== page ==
Wednesday, December 14, 2011

Interview with Mariko Tamaki

1. Which character did you enjoy writing more, Emiko or Skim? Which one did you relate to better?

It was a very different writing process for the two characters.  Skim was a character I'd had bouncing around for a while. I'd had this idea to write up a goth character that was a little less dramatic, a little less patent leather and a little more NIN t-shirt, than the goth characters I'd seen.  Also Skim was written in a diary format, so the text is a lot more subtle and also a little more personal.  Emiko Superstar was created specifically for MINX.  With ES it was more about the overall story, of a girl in this Factory performance theatre like setting, although the character certainly evolved throughout the writing process.

2. Both of your YA graphic novels are about girls that are half Asian. Which nationalities are you a mixture of? 

I am Japanese Canadian.  My mother is "white" and my father is Japanese.  I think that has certainly had an influence on the character choices I make, if only because I don't automatically assume them to be white.  Or skinny.  Or anything else really.  That said, I don't think you could say that my works provide any real cultural portrait of Japanese Canadianness.  Which may have something to do with me and my background.  I didn't even realize I was Japanese until I was in Grade 2.

3. Was your writing process any different between working with your cousin and working with Steve Rolston?

Very.  Skim was my first graphic novel.  It was also my co-creator and cousin Jillian Tamaki's first.  So we just sort of did what felt comfortable and familiar.  I had a background in theatre and so the script is very much a theatre script.  It was written in scenes and acts, the actual description of the setting was very minimal.  Mostly to give a sense of where the scene was taking place, with a few cultural references included - mostly My So Called Life and Degrassi.  My focus was really on the narration and the dialogue.  DC Comics, who published Emiko Superstar, had a very formatted version of both their script and editing process.  Their scripts are VERY descriptive, like movie scripts, with each visual described in great detail.  Everything has to be approved, page by page, by several people, which requires a lot of clarification.  So with Steve (Rolston) I sent over some very detailed pages.  I will say that for both comics, though, my focus was never on the final visuals so even with the script I handed Steve there were lots of changes Steve made throughout the editing process.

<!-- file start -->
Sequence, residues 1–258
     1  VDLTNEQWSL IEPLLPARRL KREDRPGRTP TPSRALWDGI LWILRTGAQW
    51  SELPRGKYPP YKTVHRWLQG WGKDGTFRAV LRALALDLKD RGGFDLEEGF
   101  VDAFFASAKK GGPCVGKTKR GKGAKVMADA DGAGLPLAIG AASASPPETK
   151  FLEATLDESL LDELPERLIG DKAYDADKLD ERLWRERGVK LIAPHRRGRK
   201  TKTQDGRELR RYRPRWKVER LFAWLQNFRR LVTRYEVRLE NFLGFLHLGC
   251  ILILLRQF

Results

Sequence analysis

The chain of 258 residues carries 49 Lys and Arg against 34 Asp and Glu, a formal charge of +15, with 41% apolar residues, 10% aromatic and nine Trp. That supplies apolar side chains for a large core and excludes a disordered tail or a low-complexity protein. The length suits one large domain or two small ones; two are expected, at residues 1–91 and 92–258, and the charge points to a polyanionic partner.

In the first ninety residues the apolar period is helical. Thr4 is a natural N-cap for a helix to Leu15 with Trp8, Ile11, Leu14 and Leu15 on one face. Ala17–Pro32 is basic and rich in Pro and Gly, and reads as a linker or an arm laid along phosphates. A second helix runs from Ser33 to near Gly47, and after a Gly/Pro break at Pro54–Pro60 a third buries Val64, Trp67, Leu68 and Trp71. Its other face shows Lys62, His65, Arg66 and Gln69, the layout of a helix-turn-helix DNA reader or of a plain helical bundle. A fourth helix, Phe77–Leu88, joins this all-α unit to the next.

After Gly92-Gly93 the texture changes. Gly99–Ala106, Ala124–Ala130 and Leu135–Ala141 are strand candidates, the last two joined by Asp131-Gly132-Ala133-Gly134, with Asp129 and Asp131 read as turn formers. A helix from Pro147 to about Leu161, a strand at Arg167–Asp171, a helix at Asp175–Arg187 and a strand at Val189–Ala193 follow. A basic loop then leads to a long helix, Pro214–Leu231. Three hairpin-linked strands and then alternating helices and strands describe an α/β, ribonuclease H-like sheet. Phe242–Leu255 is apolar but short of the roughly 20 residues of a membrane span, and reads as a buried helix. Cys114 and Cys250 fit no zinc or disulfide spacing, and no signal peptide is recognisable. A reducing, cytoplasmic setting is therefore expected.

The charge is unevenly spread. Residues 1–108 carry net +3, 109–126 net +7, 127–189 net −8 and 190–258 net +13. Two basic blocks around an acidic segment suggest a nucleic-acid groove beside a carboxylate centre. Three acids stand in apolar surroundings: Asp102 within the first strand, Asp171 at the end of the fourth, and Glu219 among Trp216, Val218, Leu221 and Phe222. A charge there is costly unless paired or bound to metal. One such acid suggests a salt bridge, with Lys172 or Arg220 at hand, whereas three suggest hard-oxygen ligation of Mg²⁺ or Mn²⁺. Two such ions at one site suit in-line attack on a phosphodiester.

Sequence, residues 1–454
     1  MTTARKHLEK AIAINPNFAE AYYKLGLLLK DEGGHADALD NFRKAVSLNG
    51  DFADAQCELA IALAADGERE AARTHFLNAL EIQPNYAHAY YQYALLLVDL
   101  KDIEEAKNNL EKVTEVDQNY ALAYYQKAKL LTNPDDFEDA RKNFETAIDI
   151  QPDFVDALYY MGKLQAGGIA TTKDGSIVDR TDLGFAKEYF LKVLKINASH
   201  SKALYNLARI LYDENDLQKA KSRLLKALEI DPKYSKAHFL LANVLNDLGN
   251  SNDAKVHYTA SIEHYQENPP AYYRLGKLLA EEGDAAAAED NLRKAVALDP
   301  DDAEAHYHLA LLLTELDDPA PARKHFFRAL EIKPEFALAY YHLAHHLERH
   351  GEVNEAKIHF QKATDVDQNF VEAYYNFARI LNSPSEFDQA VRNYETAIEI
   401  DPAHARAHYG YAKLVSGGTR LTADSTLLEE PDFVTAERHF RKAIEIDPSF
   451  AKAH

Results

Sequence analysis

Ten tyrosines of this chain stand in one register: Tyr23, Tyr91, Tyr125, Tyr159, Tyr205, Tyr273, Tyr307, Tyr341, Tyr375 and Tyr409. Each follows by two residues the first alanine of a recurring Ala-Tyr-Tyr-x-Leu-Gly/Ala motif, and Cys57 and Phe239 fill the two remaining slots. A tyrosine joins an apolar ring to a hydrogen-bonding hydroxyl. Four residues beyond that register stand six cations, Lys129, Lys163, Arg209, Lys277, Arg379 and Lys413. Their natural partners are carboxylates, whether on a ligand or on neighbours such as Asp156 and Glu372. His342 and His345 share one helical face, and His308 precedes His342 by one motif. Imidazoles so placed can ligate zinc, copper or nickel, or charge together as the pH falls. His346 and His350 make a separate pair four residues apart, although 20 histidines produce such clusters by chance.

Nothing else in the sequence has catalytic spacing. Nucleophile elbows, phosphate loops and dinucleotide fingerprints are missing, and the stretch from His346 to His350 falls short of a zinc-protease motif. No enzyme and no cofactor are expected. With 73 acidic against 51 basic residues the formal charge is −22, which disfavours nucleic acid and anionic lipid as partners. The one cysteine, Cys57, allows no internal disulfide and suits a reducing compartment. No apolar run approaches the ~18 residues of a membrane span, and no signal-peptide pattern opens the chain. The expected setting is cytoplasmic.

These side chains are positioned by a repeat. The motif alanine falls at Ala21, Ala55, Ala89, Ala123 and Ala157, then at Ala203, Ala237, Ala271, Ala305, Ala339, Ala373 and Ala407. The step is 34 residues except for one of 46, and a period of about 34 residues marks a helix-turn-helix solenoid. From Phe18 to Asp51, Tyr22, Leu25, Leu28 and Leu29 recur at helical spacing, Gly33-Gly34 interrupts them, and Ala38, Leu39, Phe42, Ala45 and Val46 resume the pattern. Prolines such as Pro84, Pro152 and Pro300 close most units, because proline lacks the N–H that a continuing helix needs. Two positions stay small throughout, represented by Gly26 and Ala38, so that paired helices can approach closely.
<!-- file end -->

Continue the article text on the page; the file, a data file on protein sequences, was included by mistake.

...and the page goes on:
4. What's your favorite part in Skim or Emiko Superstar?
Hmmm.  It changes.  I really like the confrontation scenes in the last act of Skim.  Skim's discussion of Romeo and Juliet, and her thoughts on the suicide/love story in that work, were pretty fundamental to the story for me.  Plus I just love the double date scene and how it's drawn.  I mean, I love how the whole book was constructed by Jillian and for some reason that particular scene ALWAYS cracks me up.

Emiko Superstar has a ton of illustrations of performance art type stuff I really enjoy.  One of my favourite exercises in that work involved me dreaming up a crazy costume and getting Steve to bring it to life.  Which he did.  Many times.

5. What is one book you've read recently that you recommend to everyone?

Let's see.  I read Tales from The Goon Squad recently and I absolutely loved it.  I think a lot of people did.  It is truly an incredible book.  Very intricate.  Complicated.  Overall I am always recommending creative non-fiction.  The collection New Kings of Non-Fiction ed by Ira Glass is my personal fav.

6. Do you have anything you're working on right now?

Yes.  I just finished edits on my next Young Adult Novel to be published by Penguin Books Canada.  It's called (You) Set Me on Fire, it's about a girl in her freshman year at college.  Jillian Tamaki and I are working on a new graphic novel with First Second (US) and Groundwood Books (CAN). The book will be called Awago Beach Babies.

7. Anything else you'd like to say to everyone?

Yes.  Follow me on Twitter @marikotamaki and you can also check out my blog at
If you do those things, you'll see I have lots to say :)

Thanks so much for stopping by Mariko!
Readers, you can click to check out my reviews of Emiko Superstar and Skim. Brief summary...go buy them and read them!

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